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Washington worried over suspension of "oppositional organisation" in Bahrain

The United States expressed concern after a Bahraini court banned the country's main opposition group, Al-Wefaq, for three months on Tuesday, just weeks before a parliamentary election the group had already said it would boycott.

Al-Wefaq draws most of its support from the Shiite majority in the Sunni-ruled nation.

The spokeswoman for the US Department of State, Jen Psaki, said the following in response to the decision: "We are worried that such an action will work against establishing a favourable climate in the country and its progress towards comprehensive and effective political action."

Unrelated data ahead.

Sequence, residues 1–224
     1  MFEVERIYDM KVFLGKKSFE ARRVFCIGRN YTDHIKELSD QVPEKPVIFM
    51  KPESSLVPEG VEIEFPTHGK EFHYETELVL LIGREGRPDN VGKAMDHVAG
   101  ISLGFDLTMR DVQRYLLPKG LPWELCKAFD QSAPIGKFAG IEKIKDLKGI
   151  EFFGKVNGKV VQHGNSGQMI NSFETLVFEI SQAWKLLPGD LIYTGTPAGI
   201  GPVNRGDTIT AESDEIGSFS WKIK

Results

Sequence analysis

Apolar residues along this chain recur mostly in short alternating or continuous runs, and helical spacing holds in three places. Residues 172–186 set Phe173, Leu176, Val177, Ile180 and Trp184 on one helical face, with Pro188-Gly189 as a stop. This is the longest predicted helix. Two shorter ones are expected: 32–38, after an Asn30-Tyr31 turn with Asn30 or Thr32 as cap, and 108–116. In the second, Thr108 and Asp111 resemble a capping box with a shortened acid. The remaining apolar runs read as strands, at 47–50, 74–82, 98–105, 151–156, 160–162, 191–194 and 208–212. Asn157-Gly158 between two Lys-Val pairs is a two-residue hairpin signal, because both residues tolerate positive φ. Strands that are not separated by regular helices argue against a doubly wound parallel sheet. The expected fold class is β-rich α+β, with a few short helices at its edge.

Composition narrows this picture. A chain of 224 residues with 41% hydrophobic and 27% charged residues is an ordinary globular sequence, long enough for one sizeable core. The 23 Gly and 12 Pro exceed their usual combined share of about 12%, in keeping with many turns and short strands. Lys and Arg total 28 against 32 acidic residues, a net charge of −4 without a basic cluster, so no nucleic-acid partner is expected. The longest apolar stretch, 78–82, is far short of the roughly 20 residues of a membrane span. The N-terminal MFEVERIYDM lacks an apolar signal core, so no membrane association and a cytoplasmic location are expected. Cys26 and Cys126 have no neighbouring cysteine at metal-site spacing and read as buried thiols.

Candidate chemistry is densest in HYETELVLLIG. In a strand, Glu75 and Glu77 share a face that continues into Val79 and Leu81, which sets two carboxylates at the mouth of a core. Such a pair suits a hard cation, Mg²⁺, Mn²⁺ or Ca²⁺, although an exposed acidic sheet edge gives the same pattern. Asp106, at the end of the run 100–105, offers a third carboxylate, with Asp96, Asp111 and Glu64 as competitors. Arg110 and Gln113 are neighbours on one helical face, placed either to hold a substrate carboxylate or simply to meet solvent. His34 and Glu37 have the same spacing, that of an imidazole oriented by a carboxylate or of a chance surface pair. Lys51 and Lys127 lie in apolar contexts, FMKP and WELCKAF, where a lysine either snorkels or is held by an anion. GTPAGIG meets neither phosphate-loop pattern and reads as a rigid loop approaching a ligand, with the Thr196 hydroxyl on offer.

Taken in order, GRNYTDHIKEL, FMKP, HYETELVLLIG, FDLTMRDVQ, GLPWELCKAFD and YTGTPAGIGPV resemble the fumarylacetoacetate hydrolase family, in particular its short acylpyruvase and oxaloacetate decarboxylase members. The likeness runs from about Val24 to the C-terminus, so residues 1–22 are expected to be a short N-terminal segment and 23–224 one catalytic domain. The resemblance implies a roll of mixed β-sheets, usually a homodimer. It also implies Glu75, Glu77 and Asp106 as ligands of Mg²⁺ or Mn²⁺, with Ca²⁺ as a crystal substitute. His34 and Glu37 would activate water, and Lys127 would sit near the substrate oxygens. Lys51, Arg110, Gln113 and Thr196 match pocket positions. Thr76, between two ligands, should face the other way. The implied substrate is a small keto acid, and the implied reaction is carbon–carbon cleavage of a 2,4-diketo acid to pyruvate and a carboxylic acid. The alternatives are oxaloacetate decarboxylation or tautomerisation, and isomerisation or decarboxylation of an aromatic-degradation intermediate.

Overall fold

The Bahraini authorities filed a lawsuit against Al-Wefaq and called for the termination of the group's activities, which allegedly violated the law of associations.

Political parties are banned in Bahrain, as in other Gulf Arab monarchies. Al-Wefaq has the status of an association.

The Ministry of Justice for the Kingdom of Bahrain issued a press statement in which it declared: "The lawsuit filed against Al-Wefaq is a direct result of the organisation's unwillingness to adhere to the law. The group continuously violates many legal regulations by holding illegal conferences."

Al-Wefaq denied the Ministry of Justice's claims and declared that the measures carried out by the government are "blatant political decisions carried out against the group."

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Asia & AmericasBahrainMiddle EastNewsUS
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